I’m looking for some folks who’d be interested in swapping a free digital copy of my newest novel Exodus in exchange for an honest review at Amazon. Reviews are more important to authors than most people realize. For example, until I hit the 25th review, Exodus won’t show up in the “Customers Who Bought This Item Also Bought” or the “Customers Who Viewed This Item Also Viewed” sections. Also, to do any sort of promotions or giveaways, I need a minimum number of reviews. That minimum varies from place to place, but it’s there.
So whataya say? I’ll give you a copy of Exodus, you read it, hopefully like it, and then head on over to Amazon to leave a review. A brutally honest review. If it sucked, say it sucked. The review doesn’t have to be long or perfect. It just has to be. And of course be honest.
In case you forgot what Exodus was about…
At the height of the Great Depression, thousands of families who have lost everything are left with no choice but to make the pilgrimage westward in search of a new life. Some will find what they’re looking for. Some will not and will then be forced to make the long journey back home. Then there are the others, those who never make it to either place because they made a stop along the way in a town called Exodus, an abandoned silver mining town in eastern Arizona where nothing good ever happens and most folks never leave.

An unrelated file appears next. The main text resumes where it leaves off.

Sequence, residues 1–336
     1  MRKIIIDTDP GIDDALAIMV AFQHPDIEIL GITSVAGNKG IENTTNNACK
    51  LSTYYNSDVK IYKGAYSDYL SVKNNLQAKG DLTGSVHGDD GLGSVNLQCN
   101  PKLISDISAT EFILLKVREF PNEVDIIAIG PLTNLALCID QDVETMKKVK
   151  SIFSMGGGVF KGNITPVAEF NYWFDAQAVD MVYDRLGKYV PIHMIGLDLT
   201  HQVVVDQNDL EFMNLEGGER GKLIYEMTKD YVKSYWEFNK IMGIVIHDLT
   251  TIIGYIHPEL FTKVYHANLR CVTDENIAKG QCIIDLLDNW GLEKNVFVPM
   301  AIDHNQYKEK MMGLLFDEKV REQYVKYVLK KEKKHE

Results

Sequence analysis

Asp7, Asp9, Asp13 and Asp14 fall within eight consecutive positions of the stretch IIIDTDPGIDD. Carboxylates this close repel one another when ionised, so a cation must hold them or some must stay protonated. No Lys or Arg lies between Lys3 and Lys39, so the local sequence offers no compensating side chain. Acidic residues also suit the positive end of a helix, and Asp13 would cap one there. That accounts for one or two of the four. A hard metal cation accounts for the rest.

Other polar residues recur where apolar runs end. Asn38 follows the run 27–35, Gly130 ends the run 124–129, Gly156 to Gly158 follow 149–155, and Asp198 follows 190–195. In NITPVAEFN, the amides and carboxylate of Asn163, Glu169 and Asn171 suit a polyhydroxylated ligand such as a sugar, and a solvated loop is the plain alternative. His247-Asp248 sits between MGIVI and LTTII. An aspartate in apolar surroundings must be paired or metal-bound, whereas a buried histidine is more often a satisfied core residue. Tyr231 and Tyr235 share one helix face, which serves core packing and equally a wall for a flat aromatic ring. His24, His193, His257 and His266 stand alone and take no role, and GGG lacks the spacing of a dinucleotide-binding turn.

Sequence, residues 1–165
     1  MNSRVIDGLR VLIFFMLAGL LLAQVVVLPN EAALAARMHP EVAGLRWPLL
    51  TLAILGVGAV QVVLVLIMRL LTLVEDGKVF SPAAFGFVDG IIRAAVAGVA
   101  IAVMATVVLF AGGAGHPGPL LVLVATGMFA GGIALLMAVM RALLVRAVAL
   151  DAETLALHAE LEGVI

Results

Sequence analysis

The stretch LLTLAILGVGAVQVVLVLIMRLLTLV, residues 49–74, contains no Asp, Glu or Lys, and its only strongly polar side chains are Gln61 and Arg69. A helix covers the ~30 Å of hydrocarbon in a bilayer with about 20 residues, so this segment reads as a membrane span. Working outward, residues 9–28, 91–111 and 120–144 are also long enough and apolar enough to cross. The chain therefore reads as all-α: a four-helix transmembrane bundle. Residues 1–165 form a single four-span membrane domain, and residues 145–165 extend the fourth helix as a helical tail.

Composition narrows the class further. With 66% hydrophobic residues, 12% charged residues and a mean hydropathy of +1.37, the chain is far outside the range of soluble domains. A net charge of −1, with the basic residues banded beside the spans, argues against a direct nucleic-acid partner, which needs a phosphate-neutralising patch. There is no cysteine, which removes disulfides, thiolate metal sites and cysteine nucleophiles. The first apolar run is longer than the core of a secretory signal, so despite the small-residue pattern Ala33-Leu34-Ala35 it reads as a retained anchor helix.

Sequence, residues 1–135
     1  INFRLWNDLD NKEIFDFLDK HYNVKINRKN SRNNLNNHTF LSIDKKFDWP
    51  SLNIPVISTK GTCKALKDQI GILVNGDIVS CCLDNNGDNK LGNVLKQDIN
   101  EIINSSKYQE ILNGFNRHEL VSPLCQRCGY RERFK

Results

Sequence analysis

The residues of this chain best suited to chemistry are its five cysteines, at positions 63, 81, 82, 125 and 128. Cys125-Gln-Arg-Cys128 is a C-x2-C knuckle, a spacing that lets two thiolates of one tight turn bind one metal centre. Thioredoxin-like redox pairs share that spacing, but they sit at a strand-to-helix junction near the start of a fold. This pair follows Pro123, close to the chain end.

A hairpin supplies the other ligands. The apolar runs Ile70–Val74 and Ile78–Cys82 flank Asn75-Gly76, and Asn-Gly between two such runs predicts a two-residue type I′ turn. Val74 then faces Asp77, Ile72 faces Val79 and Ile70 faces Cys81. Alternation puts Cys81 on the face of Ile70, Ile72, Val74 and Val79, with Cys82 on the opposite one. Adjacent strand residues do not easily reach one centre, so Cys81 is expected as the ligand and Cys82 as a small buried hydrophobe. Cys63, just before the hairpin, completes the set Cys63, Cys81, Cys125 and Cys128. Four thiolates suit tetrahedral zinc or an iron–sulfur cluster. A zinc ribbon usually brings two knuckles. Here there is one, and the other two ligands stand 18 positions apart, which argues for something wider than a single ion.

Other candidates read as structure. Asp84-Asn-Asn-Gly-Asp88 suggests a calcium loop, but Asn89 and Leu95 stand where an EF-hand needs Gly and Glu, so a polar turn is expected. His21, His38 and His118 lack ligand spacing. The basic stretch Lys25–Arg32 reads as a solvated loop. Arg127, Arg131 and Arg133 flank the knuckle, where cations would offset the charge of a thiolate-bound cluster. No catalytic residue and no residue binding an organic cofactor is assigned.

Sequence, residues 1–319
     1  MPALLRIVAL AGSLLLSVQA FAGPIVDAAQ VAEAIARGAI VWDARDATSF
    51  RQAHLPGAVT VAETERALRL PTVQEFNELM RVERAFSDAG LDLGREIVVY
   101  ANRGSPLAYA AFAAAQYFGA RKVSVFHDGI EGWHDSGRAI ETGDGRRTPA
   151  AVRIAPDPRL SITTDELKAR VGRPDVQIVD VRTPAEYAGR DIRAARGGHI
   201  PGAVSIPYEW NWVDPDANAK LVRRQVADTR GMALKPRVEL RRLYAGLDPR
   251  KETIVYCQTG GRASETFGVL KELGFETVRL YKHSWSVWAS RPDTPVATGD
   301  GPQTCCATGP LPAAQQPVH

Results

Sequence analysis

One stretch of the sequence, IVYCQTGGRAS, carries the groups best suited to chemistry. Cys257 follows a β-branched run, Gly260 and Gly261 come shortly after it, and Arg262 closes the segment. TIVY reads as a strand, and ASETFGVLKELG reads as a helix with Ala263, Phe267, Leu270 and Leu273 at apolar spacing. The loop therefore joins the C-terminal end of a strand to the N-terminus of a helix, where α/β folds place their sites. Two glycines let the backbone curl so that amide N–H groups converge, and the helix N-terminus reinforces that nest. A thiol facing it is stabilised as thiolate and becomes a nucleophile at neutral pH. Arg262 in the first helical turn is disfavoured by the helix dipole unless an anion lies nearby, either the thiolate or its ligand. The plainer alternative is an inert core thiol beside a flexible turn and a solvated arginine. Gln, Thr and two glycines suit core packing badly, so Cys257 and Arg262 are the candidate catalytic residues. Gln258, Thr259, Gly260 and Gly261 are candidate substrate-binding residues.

If you’re interested, you can let me know at kimberlyabettes(at)yahoo(dot)com. Thanks in advance!
A friend once asked me how I keep all the different characters in my stories straight, how I keep from getting them all confused.
My reply came swiftly.
You have more than one friend, right? Of course you do. You probably have many friends. Each of them have very different lives with many different things going on. Do you get them confused? Do you mistake one friend for another or forget which friend is going through what? No. You keep them all straight. You remember that Pam got a new job while Brian is battling cancer and Joe just got a divorce. You remember these things because they’re real people with real lives. That’s how I see my characters. I created them from nothing so I know everything about them. If I live to be a hundred and create a thousand characters, I’ll always keep them straight and be able to tell them apart because to me, they’re real.